Schizophrenia is a condition characterised by hallucinations, delusions and disorganised thinking. It affects the way you think and cope with day-to-day life.
Schizophrenia can change how you think and handle your daily life, affecting those who experience it. Common signs may involve seeing or believing things that aren’t real, having thoughts that are confusing, and finding it challenging to stay motivated for everyday activities. It is estimated that around 1 in 100 people will develop schizophrenia, which typically starts during young adulthood.
Schizophrenia and stigma
People with schizophrenia are dangerous
Most individuals with schizophrenia are unlikely to display any form of dangerous behaviour. When they do, it’s more often directed towards self-harm rather than posing a threat to others.
People with schizophrenia have multiple personalities
Schizophrenia doesn’t have anything to do with a person’s personality and is not a personality disorder. People with schizophrenia usually handle their altered perceptions in a way that reflects their typical personality.
If your mum or dad
you will have it too
While it is a factor, genetics does not fully determine if someone will get schizophrenia. There is no single gene associated with schizophrenia. Some people with schizophrenia have a family history without the condition.
Schizophrenia always requires long hospitalisation
Many people with schizophrenia can get treatment without staying in the hospital and continue to live at home. The symptoms and severity of schizophrenia vary depending on the person.
People with schizophrenia cannot live fulfilling lives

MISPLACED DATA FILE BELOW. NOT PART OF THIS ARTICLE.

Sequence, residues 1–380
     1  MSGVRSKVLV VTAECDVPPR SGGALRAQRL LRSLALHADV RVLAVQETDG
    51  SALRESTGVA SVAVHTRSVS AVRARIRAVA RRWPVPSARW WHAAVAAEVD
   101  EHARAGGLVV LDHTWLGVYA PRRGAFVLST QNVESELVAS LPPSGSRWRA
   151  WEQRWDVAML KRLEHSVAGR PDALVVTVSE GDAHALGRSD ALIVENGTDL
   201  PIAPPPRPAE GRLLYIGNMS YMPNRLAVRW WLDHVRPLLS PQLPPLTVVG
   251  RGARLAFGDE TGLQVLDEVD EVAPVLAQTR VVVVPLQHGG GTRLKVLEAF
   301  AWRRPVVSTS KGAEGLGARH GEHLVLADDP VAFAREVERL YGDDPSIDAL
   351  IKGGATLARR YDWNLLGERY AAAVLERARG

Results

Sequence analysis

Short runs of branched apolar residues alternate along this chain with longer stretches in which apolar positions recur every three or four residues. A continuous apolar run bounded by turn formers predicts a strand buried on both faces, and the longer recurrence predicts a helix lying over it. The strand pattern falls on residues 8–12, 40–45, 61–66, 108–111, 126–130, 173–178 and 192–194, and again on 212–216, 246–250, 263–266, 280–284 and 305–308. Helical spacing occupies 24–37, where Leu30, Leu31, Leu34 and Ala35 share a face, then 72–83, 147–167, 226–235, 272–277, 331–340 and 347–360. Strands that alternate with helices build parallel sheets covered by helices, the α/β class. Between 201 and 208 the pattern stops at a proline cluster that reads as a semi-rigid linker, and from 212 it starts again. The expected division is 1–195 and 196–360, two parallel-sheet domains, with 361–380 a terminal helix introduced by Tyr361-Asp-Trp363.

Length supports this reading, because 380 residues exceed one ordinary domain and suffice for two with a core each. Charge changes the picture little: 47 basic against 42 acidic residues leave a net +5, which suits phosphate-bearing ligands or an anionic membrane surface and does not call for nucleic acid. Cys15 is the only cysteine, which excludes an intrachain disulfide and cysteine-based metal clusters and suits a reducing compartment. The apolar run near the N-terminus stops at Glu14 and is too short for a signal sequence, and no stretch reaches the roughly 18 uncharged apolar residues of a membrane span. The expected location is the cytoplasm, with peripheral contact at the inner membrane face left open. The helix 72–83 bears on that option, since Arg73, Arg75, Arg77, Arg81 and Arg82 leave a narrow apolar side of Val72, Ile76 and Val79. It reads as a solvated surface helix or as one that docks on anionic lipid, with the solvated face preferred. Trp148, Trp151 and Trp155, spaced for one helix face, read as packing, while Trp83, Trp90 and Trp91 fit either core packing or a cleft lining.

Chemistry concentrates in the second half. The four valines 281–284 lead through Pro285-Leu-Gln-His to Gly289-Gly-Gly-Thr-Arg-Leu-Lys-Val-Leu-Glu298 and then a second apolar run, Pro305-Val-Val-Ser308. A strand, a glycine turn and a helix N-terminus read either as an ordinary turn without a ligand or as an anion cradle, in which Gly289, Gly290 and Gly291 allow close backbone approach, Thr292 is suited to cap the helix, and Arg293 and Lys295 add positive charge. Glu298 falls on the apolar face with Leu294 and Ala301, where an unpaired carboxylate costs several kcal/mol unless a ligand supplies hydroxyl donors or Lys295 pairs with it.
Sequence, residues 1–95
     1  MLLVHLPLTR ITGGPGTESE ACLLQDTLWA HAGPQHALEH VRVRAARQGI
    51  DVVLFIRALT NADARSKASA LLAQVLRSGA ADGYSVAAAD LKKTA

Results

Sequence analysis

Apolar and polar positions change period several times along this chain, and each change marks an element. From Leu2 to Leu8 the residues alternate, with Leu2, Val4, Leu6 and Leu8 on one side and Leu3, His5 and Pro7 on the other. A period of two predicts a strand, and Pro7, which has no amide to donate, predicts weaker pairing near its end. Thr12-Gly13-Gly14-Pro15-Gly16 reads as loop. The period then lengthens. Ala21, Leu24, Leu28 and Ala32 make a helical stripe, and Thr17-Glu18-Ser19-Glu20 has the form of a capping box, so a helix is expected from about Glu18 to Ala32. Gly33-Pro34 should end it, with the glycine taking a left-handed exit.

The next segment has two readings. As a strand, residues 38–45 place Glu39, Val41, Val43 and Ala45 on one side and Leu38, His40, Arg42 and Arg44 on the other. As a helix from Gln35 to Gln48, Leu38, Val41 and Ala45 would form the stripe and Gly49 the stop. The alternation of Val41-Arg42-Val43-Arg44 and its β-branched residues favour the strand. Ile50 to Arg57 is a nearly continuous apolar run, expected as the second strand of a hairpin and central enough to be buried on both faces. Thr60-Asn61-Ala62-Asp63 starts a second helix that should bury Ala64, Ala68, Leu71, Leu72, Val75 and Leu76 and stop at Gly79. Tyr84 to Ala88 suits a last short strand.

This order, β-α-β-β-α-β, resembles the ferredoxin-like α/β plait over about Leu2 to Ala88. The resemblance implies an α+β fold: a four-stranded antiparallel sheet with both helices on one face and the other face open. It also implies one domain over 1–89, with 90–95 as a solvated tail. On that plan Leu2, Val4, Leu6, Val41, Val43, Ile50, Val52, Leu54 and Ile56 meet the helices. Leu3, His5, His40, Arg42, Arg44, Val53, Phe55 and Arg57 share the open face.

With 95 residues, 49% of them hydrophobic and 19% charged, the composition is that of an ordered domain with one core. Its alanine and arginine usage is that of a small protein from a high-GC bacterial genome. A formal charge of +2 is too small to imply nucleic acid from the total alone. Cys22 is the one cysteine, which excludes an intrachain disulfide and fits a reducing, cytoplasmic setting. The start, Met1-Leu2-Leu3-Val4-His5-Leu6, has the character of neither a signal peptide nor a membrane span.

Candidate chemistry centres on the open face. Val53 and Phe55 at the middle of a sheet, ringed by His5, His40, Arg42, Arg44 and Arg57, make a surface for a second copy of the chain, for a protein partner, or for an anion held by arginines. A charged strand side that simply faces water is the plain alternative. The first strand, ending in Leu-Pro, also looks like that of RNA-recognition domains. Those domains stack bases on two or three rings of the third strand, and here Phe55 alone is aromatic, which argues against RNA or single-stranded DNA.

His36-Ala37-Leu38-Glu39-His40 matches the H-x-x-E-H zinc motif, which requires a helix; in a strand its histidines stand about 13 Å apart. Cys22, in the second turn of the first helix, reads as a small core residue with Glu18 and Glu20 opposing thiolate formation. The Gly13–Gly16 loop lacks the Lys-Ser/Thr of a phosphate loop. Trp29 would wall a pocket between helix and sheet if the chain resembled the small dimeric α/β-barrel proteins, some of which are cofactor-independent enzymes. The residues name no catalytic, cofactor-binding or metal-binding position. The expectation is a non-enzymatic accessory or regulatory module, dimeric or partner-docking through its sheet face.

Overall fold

Although they might face challenges in their daily life, research that followed people over time has shown that after getting treatment, they improved. They could live independently, support themselves, and achieve their personal goals.
Symptoms of schizophrenia
It’s important to recognize that schizophrenia can affect individuals in unique ways. People with schizophrenia experience various symptoms, including hallucinations, delusions and disorganised thinking. You might see, feel and hear things that are not there. Hearing voices is the most common type of hallucination. You might believe things others don’t, or things you say might not make sense to others.
We speak of negative symptoms when signs involve loss of ability and enjoyment. Those can include:
- Lack of motivation
- Slow movement
- Change in sleep patterns
- Poor hygiene
- Difficulty planning or setting goals
- Difficulty to concentrate
- Being withdrawn from social life
- Fewer emotions
- Low sex drive
- Poor attention span and decision-making
- Memory problems
Despite its phrasing, ‘positive’ does not mean that it is helpful or food for you. These symptoms can also occur in other mental health conditions. ‘Positive symptoms’ involve signs experienced in addition to reality. They are usually named ‘psychosis‘. They include:
- Muddled thinking
Recognising that schizophrenia impacts the individual diagnosed and those close to them is essential. Building a caring community that supports those who look after people living with this mental health illness. Read Lee’s experiences about supporting a family member with schizophrenia.
There is no known cause of schizophrenia, but it can be linked to genetics or complications at birth. Some people might develop schizophrenia after hardship or a stressful life event.
Types of schizophrenia
Schizophrenia with paranoia
It is the most common form of schizophrenia, characterised by prominent paranoid delusions and auditory hallucinations. People with this subtype might have their speech and emotions affected.